High quality cabinets can last a lifetime. Sometimes a new owner dislikes a cabinet style (mine are modern and unusual) or a homeowner simply wants a change and can afford to completely gut a perfectly good kitchen. When we did this project, I was just on the edge of being physically able to do the project, but we made it! I will be forever glad to look at the kitchen and remember the work we put into it and the money we saved. Having already done one custom kitchen with a wonderful local custom cabinet company, and the contractor who has since become our go-to- guy for everything, I knew what was involved. I just haunted the Green Demolitions site with my graph paper and kitchen dimensions and drew out possibilities with each possible kitchen they offered until the right one came along. It was a fun exercise in geometry and creativity. It challenged me to wait for the right set and not settle on something that "would do". It was also an exercise in waiting for the price to come down vs. the risk of losing out on the kitchen. Since we did our kitchen four years ago, prices at Green Demolitions do have a higher starting price, so that part of the balancing act is even more of a challenge, but the quality of the kitchens they offer has increased, as well. There are more sources for used kitchens, too. In some areas, Habitat for Humanity ReStores have entire kitchens in fairly good shape. Craigslist is another source. Look for quality name brands or older cabinets made without fiberboard. Plywood is a good cabinet box material. Doors should be solid wood or have at least solid wood frames.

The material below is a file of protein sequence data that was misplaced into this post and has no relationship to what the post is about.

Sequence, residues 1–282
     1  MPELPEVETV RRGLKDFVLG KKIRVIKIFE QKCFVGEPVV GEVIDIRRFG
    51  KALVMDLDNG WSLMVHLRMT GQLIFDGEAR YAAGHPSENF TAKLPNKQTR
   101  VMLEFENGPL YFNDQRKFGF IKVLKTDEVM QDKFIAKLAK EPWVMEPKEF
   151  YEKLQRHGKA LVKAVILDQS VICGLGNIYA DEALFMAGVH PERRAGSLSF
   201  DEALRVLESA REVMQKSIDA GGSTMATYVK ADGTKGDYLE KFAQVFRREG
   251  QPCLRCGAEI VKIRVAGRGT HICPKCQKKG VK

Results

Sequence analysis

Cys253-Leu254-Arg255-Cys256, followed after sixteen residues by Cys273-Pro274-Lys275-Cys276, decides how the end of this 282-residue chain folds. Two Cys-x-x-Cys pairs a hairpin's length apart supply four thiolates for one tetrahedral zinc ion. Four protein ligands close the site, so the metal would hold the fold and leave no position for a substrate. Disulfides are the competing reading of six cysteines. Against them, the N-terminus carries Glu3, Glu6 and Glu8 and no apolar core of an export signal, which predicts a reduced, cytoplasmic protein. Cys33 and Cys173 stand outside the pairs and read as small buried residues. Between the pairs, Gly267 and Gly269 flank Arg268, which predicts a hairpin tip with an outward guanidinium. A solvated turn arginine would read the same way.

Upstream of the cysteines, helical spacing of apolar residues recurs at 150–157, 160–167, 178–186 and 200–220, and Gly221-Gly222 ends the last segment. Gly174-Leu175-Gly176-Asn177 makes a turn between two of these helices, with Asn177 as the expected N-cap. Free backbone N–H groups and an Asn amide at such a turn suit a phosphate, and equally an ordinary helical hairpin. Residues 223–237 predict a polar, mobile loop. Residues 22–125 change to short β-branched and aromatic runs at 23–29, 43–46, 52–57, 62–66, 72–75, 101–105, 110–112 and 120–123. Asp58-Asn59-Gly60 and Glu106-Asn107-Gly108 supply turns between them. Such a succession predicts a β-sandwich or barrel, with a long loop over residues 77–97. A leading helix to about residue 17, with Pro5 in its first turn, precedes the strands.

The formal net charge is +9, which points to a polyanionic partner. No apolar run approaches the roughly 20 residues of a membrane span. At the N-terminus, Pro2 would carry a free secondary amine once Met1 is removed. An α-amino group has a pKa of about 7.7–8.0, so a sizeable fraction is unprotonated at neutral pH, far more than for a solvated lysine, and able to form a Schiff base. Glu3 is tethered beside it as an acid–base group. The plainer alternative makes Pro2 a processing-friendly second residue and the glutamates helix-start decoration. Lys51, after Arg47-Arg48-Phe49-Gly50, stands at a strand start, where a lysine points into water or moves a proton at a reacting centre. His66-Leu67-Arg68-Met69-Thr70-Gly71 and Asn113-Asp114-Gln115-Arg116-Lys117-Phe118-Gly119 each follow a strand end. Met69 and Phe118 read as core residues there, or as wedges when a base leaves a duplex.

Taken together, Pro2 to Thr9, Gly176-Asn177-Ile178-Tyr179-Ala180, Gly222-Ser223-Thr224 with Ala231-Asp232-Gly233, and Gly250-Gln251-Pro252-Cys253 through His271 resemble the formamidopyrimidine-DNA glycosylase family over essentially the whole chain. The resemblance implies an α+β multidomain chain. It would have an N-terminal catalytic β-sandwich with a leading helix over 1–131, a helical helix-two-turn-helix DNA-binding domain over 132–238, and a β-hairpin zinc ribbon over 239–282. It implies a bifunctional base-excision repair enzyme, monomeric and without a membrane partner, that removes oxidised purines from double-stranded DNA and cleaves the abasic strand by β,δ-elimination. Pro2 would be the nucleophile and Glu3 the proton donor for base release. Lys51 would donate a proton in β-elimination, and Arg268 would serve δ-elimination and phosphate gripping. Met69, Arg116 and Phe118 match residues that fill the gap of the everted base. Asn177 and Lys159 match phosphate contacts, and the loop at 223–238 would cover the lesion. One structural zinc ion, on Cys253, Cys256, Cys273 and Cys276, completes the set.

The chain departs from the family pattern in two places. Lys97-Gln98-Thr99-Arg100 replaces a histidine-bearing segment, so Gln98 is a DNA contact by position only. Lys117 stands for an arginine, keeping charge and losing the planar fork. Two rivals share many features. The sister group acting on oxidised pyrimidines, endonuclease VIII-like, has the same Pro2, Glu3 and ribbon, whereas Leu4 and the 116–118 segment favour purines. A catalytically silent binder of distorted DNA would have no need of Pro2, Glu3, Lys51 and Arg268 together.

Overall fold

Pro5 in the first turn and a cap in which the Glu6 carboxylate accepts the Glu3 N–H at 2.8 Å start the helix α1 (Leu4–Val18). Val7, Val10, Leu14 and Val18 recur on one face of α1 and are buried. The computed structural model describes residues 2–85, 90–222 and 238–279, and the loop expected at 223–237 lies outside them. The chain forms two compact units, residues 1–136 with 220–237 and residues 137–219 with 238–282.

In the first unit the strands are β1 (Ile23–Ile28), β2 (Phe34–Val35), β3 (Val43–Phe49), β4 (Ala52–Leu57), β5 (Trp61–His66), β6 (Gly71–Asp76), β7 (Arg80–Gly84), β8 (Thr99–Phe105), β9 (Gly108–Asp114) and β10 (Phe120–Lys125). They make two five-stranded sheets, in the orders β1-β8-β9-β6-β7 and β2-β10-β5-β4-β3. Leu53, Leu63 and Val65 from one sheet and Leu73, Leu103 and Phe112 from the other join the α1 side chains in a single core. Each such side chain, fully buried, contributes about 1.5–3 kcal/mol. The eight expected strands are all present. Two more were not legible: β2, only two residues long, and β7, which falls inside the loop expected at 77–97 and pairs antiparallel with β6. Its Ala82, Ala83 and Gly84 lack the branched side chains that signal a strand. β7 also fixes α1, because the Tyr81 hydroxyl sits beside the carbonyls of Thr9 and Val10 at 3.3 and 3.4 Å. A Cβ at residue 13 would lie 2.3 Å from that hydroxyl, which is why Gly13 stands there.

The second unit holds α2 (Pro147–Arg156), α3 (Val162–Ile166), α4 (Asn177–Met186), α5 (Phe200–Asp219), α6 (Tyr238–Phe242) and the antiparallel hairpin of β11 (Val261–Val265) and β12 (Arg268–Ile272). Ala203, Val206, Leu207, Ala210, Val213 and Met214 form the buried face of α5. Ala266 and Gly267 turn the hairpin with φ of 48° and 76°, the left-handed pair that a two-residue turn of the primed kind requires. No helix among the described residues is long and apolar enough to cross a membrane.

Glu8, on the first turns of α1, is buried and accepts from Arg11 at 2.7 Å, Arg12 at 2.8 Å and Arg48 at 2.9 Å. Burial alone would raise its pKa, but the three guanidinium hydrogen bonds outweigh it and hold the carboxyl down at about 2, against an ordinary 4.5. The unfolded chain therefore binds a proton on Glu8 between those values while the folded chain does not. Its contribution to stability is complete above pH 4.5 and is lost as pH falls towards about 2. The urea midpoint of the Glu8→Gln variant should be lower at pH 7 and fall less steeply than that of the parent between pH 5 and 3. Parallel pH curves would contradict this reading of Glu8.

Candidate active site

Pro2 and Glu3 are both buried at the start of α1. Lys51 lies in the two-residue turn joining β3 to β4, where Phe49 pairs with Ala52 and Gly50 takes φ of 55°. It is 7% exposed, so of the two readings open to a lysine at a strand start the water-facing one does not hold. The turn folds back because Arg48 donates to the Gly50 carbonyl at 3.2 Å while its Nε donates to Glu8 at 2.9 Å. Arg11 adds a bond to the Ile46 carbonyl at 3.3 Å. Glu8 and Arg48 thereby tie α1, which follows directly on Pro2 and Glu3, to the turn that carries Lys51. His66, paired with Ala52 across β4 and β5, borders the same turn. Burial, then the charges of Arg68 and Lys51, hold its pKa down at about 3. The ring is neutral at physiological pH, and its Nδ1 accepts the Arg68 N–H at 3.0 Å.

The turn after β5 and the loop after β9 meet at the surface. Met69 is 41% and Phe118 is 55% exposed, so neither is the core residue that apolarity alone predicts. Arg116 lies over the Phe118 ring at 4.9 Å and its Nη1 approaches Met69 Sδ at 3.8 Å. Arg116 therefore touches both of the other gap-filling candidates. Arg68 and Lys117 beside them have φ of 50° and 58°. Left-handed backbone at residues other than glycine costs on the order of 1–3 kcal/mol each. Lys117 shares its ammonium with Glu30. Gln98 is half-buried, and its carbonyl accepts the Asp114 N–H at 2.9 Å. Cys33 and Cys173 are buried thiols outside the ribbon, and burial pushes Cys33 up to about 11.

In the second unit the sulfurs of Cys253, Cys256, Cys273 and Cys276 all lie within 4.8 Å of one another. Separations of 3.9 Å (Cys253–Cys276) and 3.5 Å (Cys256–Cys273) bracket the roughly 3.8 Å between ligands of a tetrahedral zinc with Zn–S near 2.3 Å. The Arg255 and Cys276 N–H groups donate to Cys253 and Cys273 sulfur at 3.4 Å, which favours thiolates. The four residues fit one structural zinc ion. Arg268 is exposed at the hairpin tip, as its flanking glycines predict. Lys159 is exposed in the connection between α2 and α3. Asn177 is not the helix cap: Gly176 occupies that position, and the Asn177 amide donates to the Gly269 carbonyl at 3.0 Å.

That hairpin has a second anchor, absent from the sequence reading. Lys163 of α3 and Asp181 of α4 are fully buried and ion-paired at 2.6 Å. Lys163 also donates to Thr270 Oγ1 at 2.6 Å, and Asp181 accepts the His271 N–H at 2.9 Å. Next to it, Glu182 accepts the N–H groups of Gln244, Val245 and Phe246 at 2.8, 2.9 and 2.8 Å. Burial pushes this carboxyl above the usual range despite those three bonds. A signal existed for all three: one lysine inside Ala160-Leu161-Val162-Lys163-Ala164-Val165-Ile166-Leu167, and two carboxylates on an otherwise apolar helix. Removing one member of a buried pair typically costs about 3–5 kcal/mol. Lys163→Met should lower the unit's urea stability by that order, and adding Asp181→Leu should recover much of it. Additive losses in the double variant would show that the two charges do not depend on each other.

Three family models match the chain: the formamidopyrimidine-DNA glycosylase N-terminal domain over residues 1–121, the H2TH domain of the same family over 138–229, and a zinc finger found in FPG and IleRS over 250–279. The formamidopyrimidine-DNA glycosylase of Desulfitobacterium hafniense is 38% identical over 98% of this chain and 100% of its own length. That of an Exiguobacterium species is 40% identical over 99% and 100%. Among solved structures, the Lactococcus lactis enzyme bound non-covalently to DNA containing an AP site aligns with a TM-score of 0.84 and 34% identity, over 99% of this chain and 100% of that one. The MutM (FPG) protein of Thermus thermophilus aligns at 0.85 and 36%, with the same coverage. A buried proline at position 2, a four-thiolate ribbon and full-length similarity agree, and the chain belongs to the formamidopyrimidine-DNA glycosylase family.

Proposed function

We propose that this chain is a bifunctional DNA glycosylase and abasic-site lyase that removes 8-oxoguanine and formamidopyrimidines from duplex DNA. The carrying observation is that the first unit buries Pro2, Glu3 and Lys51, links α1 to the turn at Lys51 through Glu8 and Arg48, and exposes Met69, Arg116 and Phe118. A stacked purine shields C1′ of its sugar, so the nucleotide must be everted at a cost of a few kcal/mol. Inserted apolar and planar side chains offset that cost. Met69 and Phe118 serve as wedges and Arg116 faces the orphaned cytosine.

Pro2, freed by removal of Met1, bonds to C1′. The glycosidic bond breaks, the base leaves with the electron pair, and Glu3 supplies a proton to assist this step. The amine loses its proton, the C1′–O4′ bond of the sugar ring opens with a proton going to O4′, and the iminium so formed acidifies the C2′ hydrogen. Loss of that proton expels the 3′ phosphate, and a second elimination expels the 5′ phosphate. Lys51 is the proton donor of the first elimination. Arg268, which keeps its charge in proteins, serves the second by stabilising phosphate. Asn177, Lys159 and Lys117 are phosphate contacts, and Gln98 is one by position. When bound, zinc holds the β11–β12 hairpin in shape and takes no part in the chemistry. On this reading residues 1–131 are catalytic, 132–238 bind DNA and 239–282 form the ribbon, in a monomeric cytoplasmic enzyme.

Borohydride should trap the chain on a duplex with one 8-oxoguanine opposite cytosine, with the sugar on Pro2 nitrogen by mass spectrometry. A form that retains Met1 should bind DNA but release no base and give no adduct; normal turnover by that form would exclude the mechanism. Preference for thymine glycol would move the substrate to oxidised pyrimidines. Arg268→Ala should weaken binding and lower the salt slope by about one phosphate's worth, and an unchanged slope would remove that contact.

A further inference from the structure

April 7, 2014 at 2:46pm     
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     Comment   April 6, 2014
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jill clothier